Pictures of the past

Maybe I’m just feeling nostalgic today. It’s my birthday and my mind is on the things that have happened throughout my life. Naturally, I like to let astronomy put these things in perspective.

Light from Eta Boötis that I’ll see tonight (ha ha, like Boston weather would let THAT happen!) left when I was born and took the current span of my life to get here.

If you lived on the planet HD189733b, and you have to REALLY be somebody to live on a planet with such a sexy name, the light our sun gave off when my parents were born is just getting there now.

OK, that’s all fine and good, but let’s step it up, I have birthday stuff to do!

This is what the Orion Nebula was doing while the Roman Empire was chugging along.

Pretty amazing, but this is all still practically next door, astronomically speaking. Let’s keep going.

Remember this one? This is what it looked like when we invented agriculture.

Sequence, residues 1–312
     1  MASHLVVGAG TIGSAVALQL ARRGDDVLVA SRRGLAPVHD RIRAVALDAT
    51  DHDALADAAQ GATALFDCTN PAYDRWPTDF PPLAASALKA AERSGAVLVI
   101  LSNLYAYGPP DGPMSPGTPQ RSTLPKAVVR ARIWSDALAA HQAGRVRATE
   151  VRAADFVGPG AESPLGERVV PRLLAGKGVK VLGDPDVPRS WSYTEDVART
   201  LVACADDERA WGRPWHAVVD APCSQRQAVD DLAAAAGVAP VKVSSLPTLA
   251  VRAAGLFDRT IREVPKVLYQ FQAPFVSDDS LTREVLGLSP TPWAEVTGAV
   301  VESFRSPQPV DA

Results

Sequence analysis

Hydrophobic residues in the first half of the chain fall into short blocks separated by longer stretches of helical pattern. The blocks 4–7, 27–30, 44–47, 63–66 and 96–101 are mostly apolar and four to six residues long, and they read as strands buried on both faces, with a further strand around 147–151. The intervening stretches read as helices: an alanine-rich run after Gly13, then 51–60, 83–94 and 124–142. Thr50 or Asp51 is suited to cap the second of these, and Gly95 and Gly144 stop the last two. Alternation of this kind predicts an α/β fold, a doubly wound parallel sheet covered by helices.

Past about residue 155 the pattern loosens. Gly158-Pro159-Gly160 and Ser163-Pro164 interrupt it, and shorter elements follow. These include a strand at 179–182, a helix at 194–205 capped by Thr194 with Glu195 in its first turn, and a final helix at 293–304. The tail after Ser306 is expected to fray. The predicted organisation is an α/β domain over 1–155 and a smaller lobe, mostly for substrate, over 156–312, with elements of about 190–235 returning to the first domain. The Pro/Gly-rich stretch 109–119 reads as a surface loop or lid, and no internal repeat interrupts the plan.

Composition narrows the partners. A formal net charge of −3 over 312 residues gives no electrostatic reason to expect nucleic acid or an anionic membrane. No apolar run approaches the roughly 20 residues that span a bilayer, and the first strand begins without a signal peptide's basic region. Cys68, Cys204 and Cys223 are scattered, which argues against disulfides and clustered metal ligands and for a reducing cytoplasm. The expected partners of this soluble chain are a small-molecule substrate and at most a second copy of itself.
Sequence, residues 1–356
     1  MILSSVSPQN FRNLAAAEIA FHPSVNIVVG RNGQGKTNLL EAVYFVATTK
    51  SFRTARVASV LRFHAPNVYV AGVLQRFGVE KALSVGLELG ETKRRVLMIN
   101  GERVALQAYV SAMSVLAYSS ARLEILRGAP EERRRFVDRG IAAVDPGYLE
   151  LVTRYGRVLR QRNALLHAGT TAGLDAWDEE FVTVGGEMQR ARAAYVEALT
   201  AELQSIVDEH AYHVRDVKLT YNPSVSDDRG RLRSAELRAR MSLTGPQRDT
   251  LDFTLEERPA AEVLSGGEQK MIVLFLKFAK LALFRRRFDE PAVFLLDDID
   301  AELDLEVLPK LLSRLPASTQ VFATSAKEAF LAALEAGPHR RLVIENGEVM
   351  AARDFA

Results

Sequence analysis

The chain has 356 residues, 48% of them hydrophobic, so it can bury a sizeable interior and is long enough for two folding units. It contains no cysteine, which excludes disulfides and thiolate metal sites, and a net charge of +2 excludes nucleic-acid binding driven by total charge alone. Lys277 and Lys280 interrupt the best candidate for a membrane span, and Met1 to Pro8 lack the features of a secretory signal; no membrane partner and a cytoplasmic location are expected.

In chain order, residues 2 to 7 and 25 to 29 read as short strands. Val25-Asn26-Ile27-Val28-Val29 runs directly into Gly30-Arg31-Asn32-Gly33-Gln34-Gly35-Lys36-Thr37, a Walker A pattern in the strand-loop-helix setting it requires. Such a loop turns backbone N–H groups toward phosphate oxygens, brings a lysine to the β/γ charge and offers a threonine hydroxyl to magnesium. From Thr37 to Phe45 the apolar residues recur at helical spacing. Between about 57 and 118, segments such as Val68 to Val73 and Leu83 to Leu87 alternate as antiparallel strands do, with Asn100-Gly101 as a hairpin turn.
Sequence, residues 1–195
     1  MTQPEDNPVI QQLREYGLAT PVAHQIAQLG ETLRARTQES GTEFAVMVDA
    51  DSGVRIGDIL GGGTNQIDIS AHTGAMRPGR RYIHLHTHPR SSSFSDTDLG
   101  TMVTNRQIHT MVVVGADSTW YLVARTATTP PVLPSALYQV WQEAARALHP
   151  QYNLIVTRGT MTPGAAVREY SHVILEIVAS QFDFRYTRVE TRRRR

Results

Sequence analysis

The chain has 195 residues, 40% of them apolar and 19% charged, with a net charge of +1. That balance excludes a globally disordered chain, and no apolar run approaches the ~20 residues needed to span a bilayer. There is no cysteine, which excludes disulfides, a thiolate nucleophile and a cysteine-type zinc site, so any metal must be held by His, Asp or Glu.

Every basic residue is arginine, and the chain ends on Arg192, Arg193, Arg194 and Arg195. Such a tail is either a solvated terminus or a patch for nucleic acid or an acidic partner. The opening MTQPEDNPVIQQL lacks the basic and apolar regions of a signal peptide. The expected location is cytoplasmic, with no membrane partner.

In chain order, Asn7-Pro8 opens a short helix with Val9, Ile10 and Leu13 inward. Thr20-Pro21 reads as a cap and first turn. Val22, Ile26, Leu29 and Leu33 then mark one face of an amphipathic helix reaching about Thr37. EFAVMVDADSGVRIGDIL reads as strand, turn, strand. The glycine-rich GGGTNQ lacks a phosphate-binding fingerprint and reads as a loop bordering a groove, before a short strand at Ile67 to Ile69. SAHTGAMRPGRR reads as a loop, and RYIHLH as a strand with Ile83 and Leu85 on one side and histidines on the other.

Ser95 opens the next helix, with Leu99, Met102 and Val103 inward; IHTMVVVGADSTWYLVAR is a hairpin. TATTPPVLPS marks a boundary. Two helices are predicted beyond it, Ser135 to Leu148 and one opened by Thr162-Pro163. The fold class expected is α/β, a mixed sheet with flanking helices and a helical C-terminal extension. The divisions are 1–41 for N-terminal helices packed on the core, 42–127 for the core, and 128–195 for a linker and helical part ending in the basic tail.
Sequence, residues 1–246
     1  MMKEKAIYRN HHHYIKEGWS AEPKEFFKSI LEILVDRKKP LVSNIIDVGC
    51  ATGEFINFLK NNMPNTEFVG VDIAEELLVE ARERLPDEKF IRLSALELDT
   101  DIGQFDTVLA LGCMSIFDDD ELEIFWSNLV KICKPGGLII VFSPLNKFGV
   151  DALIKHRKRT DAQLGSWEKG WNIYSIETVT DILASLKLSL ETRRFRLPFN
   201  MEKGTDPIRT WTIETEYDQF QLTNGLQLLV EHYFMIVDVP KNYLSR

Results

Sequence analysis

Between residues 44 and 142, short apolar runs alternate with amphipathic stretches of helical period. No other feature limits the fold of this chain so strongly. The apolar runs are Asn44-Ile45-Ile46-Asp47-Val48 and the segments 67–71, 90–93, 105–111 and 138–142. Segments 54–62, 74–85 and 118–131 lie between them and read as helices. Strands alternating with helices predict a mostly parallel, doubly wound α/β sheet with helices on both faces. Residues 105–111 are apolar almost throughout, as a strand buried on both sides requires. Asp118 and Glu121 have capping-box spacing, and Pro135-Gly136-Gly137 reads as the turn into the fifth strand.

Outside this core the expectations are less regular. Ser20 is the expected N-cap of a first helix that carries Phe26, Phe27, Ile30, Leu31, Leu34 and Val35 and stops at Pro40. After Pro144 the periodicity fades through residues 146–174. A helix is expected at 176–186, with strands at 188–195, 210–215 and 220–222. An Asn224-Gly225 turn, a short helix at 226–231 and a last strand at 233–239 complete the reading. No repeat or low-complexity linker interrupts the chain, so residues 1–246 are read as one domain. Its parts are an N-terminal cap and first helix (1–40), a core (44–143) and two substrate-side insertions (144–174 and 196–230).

Now we’re talking. I feel like we need to see what was going on out there before people were what we currently consider people though.

Ah, the galactic center. Any photons that make it to us (through all the gas and dust) left home during the stone age.

Those are nice images of stuff in our galaxy, but I want one more for today. Let’s keep it in the family though. Our galaxy is part of a cluster (very creatively called “the local group”), which is part of a group of galaxy clusters that form the Virgo Supercluster.

Sup homies! The light that created this image had been on its way here since about the time an asteroid anihilated the dinosaurs. This is what they looked like while that was happening here.

I love that this last pic was taken with an 8″ telescope too. Click it to see the page of the photographers that took it. They do a lot of great work!

We may not have the capacity to comprehend some of these times and distances, but it’s great to live in a time when such spectacular views are accessible from the comfort of our homes, pants optional. Maybe rather than spending too much time ruminating over the last few decades, I’ll shift my focus to the future today.


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